The Plateau-Taiga Region corresponds to Loucks' Spruce-Taiga Zone. The main influences on regional vegetation are the harsh winter climate, the high precipitation, and the poorly drained terrain. The cold, wet conditions favour conifers and other bog and barren vegetation. Winds and ice blasting result in stunted
krummholz. Short, dense spruce and fir alternate with shrub barrens and peat bogs (see Figure 5).
In the few areas where soils are deep and well drained, a relatively stable association of stunted Black Spruce, White Spruce, Balsam Fir, and White Birch occurs. Mountain Ash is scattered along stream sides, and Balsam Fir forms almost pure stands. Barrens occur on shallow soils on low ridges, while sedge and
sphagnum bogs occur in depressions and on seepage slopes. The high plateau barrens are characterized by exposed and stunted Black Spruce and Balsam Fir, Reindeer Moss and other lichens, blueberry, Sheep Laurel and deep surficial humic layers. Although it is quite possible that fires were originally an important factor in the
development of the Taiga barrens, the presence of advanced barren vegetation indicates that fires have not occurred for a long period of time. Peat bogs are characterized by a variety of sphagna species, bulrushes, beak rush, cranberry, mosses, and liverworts.
Relict arctic-alpine plants are an important feature of this Region's vegetation. Dwarf birches and the Alpine Whortleberry are particularly associated with this area.
The barren and bog vegetation in this Region does not support a large or diverse fauna. Small mammals present in the bogs and barrens include the Common Shrew and Red-backed Vole. The Region provides some lynx habitat. Moose sometimes use the area. Black Bear are common in the fall when blueberries are
abundant. Although breeding birds are not abundant in this Unit, they include the Greater Yellow-legs and Grey-cheeked Thrush. Relict arctic aquatic animals are found in the small dystrophic lakes. The area harbours abundant populations of amphibians such as Mink Frog and Yellow-spotted Salamander. Freshwater fishes include
White Perch, Brook Trout, and American Eel.
This high plateau, with its stunted forest and few lakes, offers unique but often bleak scenery. It generally rates as medium in scenic value, although it is moderately high at the interface of forest, bog, and barrens. Where it overlooks deeper river valleys (e.g., Chéticamp River, North Aspy River) the scenic potential is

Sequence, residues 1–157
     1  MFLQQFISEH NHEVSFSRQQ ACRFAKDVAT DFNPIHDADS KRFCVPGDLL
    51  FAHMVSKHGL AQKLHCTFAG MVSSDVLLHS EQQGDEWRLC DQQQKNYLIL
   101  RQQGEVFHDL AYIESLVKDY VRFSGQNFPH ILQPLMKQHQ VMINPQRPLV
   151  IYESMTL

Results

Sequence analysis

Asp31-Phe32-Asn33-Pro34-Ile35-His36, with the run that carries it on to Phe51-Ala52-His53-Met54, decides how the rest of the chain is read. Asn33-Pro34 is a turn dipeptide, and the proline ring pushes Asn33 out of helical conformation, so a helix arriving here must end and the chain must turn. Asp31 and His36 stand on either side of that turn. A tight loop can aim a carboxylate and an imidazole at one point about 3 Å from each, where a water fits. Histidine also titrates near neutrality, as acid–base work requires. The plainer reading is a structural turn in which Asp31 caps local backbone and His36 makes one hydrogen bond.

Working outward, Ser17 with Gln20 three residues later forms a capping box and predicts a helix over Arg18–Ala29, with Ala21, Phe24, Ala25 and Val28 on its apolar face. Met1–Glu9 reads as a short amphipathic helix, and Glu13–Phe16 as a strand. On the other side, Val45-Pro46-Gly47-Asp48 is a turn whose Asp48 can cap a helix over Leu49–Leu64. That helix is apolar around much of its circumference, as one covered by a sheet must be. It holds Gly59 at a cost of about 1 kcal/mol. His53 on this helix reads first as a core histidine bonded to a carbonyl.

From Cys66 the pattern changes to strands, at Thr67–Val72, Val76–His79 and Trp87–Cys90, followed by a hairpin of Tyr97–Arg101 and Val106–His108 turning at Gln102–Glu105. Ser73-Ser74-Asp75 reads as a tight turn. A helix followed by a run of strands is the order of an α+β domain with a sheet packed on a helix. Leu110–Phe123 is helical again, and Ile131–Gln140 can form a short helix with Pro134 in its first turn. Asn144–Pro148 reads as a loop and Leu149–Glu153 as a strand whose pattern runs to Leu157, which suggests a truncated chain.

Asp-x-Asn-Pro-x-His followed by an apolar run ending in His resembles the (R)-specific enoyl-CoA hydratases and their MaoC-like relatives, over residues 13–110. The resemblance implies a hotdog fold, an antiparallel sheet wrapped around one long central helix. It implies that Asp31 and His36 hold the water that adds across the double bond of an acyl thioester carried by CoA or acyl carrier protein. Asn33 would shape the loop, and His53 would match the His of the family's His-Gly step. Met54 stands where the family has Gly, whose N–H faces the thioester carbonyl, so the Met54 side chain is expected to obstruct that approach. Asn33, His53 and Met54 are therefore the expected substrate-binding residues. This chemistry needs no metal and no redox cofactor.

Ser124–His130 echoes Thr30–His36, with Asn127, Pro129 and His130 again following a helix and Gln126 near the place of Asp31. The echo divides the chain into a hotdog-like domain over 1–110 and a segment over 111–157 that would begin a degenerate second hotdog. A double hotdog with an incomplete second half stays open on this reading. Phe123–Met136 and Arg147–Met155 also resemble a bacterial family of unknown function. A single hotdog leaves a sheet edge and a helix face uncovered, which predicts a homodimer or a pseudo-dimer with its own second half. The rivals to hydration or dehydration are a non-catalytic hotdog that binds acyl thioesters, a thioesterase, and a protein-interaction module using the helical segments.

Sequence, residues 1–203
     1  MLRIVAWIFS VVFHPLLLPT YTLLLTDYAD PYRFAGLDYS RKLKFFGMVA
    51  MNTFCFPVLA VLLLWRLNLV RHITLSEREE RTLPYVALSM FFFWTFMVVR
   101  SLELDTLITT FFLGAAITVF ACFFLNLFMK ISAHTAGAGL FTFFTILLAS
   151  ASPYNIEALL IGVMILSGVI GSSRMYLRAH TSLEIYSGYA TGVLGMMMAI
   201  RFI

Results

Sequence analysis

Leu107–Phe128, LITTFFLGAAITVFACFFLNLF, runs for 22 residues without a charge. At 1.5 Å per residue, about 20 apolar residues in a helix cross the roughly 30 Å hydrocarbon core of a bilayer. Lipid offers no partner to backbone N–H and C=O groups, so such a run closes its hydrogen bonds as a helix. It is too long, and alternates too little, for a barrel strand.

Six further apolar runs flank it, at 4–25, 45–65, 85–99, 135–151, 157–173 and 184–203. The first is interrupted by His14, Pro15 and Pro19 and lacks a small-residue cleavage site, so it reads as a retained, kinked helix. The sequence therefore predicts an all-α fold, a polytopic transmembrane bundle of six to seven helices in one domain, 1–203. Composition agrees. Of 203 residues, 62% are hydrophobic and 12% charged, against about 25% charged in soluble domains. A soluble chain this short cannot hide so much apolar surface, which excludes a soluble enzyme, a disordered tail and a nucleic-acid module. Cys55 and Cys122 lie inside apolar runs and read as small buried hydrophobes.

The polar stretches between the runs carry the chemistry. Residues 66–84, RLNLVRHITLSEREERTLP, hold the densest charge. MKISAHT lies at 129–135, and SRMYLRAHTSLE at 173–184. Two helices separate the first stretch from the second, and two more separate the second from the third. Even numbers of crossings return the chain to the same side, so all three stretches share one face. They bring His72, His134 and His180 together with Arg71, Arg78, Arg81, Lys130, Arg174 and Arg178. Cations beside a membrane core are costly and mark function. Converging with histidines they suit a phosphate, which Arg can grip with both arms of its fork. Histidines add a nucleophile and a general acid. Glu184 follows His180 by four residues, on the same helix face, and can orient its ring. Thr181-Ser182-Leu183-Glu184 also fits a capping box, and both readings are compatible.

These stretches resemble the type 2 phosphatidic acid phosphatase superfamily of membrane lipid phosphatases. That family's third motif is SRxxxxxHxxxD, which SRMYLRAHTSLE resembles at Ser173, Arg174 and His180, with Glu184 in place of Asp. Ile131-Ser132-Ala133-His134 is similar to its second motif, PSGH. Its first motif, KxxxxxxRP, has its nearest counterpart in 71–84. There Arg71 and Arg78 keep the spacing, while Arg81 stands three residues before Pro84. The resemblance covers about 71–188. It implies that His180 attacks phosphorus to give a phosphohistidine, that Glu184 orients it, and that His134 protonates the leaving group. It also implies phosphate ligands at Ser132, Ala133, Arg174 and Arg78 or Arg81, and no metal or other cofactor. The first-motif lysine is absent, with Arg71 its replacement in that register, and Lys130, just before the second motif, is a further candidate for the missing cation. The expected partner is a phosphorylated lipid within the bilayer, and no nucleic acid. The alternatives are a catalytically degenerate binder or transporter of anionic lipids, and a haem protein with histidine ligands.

occasionally very high. However, with no road access and few trails, there is little opportunity to view the area.
The Plateau-Taiga is best known as a conservation area since it is part of the Cape Breton Highlands National Park, established in 1936. recreational fishing takes place at several lakes in the Region. In the past, moose and Woodland Caribou were decimated by indiscriminate slaughter. In 1947, moose from Alberta
were successively introduced into the park to restore populations; Woodland Caribou were unsuccessfully reintroduced in 1968. The construction of the Wreck Cove Hydro Power Plant in the early 1970s directed the waters of Chéticamp Lake into a hydro power reservoir.
Sites of Special Interest
- Sunday Lake (IBP Proposed Ecological Site 20) - an example of high plateau with boreal forest, bogs, and barrens with rare arctic-alpine plants
- Chéticamp River (nominated as a Heritage River)
The Avalon and Meguma Zones
Granite in Nova Scotia
The Carboniferous Basin
Development of the Ancient Landscape
Ancient Drainage Patterns
Glaciation, Deglaciation and Sea-level Changes
Terrestrial Glacial Deposits and Landscape Features
Post-glacial Climatic Change
Post-glacial Colonization by Plants
Nova Scotia's Climate
Rare and Endangered Plants
Animals and Resources
Softwood Forest (Balsam Fir Association; Spruce, Fir Association)
Mixedwood Forest (White Spruce, Fir-Maple, Birch Association)